1911’s can be tough to rack if you are a little low on the hand strength side. One technique a young lady taught me: Point the pistol down straight in front of you but 90* left (A$$ U Me ing) your right handed) so your trigger finger is up (and off the trigger). Grasp the slide with the left hand. Rotate your upper body to the right about 45*. By keeping your arms straight the rotation will "shorten your left arm and increase the length of the right in relation to the gun, thereby racking the slide. Providing you can hang on to the slide. Be aware if you are square to the range you will come dangerously close to pointing sideways across the range. I suggest you talk a half step forward with your right foot, then step back when done.
That half step forward and half step back was the “unusual movement” that lead me to the young lady that taught me that trick, as such you may have to explain it to someone on the range if it works for you and you use it.
Chamfer is “cutting an angle into a otherwise straight surface to break the edge”. You will hear it commonly when talking about reloading rifle ammo where they “Chamfer” the mouth of the case to allow easier seating of the boolet.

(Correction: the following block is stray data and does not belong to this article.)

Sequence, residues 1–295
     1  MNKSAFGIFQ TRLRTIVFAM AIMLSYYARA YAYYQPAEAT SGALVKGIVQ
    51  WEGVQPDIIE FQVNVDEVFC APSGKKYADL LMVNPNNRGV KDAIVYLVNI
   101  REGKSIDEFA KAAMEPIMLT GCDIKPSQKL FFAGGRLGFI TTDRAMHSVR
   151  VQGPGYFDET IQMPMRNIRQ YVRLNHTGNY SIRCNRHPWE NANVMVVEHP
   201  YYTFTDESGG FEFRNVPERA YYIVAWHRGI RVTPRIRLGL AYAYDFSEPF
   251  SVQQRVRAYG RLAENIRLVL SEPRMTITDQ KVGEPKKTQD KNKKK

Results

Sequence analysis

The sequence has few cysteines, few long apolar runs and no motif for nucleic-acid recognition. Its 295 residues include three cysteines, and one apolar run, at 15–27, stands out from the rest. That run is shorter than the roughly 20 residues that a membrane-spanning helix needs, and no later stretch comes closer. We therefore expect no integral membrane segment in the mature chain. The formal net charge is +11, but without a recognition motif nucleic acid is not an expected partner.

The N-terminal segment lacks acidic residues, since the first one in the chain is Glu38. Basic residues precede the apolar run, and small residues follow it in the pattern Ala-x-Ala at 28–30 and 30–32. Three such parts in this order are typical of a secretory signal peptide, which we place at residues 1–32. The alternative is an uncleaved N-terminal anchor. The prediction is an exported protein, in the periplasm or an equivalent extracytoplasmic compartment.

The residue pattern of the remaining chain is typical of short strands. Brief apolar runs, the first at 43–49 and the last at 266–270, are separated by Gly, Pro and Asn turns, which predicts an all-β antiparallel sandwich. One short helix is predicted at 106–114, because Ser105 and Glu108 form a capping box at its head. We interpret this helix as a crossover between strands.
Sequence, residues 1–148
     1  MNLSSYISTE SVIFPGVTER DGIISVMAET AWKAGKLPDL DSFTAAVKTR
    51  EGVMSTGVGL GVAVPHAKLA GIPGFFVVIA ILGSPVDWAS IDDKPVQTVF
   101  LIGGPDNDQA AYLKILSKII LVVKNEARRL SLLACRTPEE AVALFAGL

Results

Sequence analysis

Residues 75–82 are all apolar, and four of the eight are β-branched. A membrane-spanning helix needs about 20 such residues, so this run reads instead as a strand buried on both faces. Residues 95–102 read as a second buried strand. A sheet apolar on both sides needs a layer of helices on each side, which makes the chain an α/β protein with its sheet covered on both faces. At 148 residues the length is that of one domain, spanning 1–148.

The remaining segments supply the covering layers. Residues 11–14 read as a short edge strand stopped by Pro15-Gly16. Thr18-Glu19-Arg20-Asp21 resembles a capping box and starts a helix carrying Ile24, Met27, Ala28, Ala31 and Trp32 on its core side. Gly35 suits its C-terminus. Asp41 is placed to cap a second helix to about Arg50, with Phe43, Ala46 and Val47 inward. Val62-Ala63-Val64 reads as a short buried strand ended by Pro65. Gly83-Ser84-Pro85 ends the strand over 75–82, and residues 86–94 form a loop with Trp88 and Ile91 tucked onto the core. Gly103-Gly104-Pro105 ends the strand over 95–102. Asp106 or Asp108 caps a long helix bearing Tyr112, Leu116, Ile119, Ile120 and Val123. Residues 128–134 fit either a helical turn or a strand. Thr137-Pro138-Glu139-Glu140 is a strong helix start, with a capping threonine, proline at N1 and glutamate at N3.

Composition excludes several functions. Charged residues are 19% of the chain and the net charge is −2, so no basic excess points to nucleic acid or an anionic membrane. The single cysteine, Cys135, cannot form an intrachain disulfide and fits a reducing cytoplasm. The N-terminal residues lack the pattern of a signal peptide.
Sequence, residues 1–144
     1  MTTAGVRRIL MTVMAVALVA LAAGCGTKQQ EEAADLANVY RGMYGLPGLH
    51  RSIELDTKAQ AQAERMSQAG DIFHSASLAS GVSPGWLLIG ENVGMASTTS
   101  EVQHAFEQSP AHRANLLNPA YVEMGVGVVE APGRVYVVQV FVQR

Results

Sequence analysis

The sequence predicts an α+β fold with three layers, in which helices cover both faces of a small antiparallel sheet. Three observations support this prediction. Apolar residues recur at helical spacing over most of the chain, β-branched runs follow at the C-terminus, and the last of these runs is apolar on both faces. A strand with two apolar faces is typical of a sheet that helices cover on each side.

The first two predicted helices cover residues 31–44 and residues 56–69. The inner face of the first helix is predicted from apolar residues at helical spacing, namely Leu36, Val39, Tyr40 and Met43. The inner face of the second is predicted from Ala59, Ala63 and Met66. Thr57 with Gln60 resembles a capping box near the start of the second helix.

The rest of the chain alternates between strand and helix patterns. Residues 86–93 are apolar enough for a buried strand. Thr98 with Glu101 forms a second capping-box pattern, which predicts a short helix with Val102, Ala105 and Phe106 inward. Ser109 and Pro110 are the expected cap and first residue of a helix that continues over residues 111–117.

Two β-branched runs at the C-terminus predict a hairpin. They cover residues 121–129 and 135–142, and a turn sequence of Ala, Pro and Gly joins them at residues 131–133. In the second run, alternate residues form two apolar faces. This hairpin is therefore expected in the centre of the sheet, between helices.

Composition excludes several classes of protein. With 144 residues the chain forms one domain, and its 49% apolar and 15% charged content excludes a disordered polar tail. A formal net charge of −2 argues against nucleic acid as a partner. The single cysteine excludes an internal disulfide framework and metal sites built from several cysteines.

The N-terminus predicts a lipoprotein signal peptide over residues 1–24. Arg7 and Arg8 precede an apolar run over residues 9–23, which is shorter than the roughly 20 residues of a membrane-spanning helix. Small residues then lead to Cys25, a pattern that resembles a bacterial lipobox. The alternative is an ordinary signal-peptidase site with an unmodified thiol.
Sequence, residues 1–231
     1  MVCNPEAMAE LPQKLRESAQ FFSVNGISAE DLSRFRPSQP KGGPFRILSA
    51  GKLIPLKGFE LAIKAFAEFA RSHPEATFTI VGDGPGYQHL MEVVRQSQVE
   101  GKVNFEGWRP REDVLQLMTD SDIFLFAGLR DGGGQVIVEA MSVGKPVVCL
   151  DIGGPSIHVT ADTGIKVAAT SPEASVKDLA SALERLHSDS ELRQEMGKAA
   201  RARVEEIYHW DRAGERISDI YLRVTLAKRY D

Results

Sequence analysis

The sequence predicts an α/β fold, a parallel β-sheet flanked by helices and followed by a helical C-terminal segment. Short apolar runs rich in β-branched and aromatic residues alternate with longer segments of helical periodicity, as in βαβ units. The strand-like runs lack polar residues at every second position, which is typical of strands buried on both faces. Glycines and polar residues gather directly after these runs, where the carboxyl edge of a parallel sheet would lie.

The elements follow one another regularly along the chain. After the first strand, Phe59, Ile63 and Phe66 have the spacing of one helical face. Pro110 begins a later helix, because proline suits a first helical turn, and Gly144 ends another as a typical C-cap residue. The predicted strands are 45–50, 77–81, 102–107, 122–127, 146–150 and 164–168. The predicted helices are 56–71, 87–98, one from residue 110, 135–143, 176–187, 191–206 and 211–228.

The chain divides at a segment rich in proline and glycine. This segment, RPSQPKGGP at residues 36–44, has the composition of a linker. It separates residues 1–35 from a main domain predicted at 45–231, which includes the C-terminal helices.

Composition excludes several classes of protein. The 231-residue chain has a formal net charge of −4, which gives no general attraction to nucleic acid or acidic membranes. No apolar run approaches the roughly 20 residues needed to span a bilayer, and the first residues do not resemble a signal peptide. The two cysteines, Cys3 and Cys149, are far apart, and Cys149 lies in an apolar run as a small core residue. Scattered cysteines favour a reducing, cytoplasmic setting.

In this case as you noted the back side of the ears where the plug seats. The tool needed is a flat file,preferably fine toothed. MANDATORY: one side of the file must have a non-cutting/smooth edge. This way you can just knock the ears down a little bit to get things moving without changing the diameter of your bushing.
If your bushing is REALLY tight in the slide now might be a good time to grab a green scrubby pad and polish the outside bearing surface of the back of the bushing. A simple twisting motion in opposite directions with both hands will smooth it right out.
I’ve been accused of being verbose. It is however incredibly difficult to draw a picture with words so I do the best I can to explain it fully.